We’ve known for some time now that Donald Trump is obsessed with crowd sizes, poll numbers, his net worth, his anatomical attributes — and in the last few days, his scale of victory. To the narcissist, related measures are all determinants of self-worth. Trump’s tantrum last week in a meeting with TV news executives and anchors surfaced a related concern. Trump lashed out at NBC for publishing what he termed unflattering photos of himself. Apparently, he has issues with his double chin.
If that was the week’s most publicized example of Trump’s vanity, however, it was not the most significant one. The most striking demonstration of Trump’s obsession with himself and his own image came from an extended interview program with Trump conducted by TMZ reporter Harvey Levin for FOX News. The program is aptly titled: “‘OBJECTified: Donald Trump’: An Exclusive & Revealing Interview with the President-Elect.”
In it, Trump’s “Narcissus complex” is on full display. Although the video didn’t get a lot of attention, let alone scrutiny, the friendly and disarming Levin scored a good chunk of time with Trump, touring different parts of Trump’s inner sanctum while asking him all sorts of personal questions.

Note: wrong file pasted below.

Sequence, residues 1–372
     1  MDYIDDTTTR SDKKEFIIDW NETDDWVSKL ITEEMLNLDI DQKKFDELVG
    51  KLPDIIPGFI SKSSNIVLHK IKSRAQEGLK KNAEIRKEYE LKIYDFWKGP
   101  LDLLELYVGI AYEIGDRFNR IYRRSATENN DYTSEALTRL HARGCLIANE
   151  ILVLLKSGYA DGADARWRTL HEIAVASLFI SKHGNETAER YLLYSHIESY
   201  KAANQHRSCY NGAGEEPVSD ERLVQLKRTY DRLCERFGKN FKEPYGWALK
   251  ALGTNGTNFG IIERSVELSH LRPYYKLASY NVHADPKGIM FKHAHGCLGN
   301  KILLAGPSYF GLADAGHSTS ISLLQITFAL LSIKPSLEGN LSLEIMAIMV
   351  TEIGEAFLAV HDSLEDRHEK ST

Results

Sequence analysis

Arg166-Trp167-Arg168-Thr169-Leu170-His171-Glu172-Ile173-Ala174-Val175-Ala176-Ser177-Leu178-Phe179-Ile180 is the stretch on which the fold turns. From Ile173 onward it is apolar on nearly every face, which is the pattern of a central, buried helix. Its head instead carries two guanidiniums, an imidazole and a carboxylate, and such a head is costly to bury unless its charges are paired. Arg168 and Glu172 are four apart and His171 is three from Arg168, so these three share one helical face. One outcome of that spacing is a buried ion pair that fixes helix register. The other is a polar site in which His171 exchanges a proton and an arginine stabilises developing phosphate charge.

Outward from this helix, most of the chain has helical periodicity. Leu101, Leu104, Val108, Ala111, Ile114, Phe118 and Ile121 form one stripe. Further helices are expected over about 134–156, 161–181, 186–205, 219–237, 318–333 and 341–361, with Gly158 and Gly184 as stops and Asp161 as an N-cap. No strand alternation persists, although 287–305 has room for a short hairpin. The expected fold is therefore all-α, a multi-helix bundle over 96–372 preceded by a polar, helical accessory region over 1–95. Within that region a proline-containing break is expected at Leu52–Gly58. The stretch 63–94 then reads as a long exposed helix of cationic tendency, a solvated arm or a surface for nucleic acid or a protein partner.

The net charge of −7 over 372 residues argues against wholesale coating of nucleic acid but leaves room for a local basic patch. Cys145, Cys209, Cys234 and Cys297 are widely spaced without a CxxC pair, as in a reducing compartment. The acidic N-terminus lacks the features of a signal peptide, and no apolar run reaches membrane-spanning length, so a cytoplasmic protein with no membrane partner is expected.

As a non-verbal illustration of vanity, The “Magazine Table” segment of the program proves so telling, it could be been mistaken for a behavioral experiment.
To summarize, Trump and his office staff have an entire office in his executive suite at Trump Tower dedicated to stacks and stacks of magazines featuring the CEO on the cover. Levin was so surprised and apparently taken aback by the display and the self-aggrandizement, one segment of the final program was dedicated to it.
Marveling at the collection, Levin moves in the logical direction, asking Trump about his ego. Trump’s answer is mostly generic. (He mostly says how he’s had enough winning, and now he wants to serve. …That after adding that what’s on the table is only a small sample.) What proves fascinating, though, as the two men talk, is how Trump seems incapable of concentrating on Levin or his questions without stealing constant glances at the piles, and himself.
The screenshots below are pulled from the segment in chronological order. (You can also watch the segment from the 34:50 minute mark through the end of the program.)
The myth of Narcissus staring at his own reflection might be allegory, but in Trump’s case, it’s literal. To appreciate how much Trump is consumed with his own image, of course — and how quick he is to lash out in response to perceived weakness, injury or slight — one need only follow his Twitter feed. What’s creepy to behold, though — in America’s president-elect and soon-to-be number one public servant — is the direct visual evidence of a man who literally can’t get enough of himself.